Edited by Dr Ding-Shinn Chen and Dr Ming-Shiang Wu
A thematic series in Journal of Biomedical Science.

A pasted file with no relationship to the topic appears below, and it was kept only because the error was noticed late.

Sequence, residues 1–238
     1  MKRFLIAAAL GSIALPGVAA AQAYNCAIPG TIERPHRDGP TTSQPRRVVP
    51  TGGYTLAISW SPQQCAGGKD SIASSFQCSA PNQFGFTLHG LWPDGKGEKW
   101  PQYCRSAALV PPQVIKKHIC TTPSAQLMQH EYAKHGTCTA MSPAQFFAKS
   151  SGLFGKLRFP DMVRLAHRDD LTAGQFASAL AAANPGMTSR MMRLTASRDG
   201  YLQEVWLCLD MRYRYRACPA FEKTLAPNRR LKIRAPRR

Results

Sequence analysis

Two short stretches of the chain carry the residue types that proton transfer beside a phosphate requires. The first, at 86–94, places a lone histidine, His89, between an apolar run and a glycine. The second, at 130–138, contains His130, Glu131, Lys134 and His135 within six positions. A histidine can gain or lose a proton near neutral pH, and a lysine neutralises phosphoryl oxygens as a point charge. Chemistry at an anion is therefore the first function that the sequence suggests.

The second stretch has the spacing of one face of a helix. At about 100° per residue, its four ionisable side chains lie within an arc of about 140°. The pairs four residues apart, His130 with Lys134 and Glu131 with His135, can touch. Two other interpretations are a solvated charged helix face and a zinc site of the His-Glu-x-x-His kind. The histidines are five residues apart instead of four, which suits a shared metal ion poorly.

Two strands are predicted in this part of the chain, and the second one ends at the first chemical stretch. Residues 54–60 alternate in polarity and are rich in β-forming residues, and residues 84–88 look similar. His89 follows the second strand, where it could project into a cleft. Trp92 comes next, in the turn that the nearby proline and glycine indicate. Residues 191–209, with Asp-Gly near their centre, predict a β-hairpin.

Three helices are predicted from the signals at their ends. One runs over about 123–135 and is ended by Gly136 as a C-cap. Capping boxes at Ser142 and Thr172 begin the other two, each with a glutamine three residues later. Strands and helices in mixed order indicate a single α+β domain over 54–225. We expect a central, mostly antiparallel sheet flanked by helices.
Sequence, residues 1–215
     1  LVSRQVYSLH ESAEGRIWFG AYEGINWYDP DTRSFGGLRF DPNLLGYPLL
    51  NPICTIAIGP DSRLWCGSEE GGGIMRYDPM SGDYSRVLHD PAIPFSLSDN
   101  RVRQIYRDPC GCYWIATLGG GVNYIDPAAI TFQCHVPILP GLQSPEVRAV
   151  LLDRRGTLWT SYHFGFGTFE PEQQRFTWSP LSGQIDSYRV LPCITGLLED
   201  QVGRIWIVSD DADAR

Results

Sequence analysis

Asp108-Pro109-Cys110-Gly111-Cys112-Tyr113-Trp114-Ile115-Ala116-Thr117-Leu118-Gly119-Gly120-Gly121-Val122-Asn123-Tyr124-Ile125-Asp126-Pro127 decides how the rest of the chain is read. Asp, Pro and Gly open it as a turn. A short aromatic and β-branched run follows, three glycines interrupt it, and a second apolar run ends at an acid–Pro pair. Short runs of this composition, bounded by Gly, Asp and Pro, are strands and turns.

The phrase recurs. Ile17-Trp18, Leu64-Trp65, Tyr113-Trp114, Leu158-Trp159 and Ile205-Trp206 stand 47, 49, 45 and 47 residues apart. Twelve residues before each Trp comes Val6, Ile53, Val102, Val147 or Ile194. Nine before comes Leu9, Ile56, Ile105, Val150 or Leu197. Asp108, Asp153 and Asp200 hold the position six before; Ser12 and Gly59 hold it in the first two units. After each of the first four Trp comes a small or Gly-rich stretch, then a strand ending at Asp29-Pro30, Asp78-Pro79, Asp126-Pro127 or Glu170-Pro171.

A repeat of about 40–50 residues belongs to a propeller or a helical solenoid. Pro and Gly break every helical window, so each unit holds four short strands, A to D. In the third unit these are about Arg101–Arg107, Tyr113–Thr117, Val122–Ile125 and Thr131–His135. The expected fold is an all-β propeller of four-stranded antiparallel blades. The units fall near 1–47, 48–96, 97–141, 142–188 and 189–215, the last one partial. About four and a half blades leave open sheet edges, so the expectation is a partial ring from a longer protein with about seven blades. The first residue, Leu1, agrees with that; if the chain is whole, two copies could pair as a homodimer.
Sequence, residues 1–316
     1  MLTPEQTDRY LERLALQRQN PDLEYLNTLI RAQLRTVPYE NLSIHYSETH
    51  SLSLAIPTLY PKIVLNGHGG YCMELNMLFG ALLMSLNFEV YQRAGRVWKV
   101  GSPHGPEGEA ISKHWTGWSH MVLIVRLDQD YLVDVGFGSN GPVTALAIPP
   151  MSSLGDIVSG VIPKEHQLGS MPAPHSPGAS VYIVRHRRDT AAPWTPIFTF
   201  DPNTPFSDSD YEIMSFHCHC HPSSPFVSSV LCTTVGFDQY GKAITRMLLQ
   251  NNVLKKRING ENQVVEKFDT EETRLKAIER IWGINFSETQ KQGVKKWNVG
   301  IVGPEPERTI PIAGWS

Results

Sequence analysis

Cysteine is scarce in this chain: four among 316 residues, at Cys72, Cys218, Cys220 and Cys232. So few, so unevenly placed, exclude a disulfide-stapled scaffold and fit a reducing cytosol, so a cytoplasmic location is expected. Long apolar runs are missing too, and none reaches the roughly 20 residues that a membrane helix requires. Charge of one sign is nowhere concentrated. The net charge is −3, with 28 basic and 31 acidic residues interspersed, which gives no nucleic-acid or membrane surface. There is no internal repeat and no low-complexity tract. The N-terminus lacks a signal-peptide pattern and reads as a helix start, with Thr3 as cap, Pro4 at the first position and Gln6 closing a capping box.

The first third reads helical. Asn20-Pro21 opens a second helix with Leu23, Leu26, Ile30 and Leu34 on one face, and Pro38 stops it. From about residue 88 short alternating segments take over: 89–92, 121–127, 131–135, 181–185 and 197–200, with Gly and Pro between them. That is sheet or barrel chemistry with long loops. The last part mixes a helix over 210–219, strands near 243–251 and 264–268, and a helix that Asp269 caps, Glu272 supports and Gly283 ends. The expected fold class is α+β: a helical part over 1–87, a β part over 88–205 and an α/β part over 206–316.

Revelation of the connection between Helicobacter pylori (H. pylori) infection and gastroduodenal diseases has prompted investigations pertaining to its basic and clinical aspects. The clinical spectrum of H. pylori infection ranges from asymptomatic gastritis and peptic ulcer to gastric malignancies. In addition to a crucial factor in pathogenesis of ulcer and cancer, epidemiologic and genetic analyses demonstrates H. pylori is instrumental in researches of anthropology and human migration. The variable outcomes of H. pylori are dictated by the magnitude and extent of gastritis, which is determined by host-bacterial interactions. Both genetics and bacterial virulent factors are important in inducing persistent and uncontrolled gastric inflammation and investigations in this field allow more accurate prediction of post infection outcomes. Eradication of H. pylori can not only cure gastritis and peptic ulcer but also reduce the incidence of gastric cancer. However, the optimal regimens used in the treatment of H. pylori remain to be determined in different geographic regions and should be based on the local prevalence of antibiotic resistance. Recently, the relationships between H. pylori infection and extra-gastroduodenal diseases are controversial. Moreover, the role of gastric microbiota other than H. pylori on human health and diseases remains to be elusive. This series is dedicated to reviews that include cutting-edge advances in above-mentioned aspects of H. pylori, which open up novel areas for understanding diagnosis, treatment and prevention of common upper gastrointestinal diseases.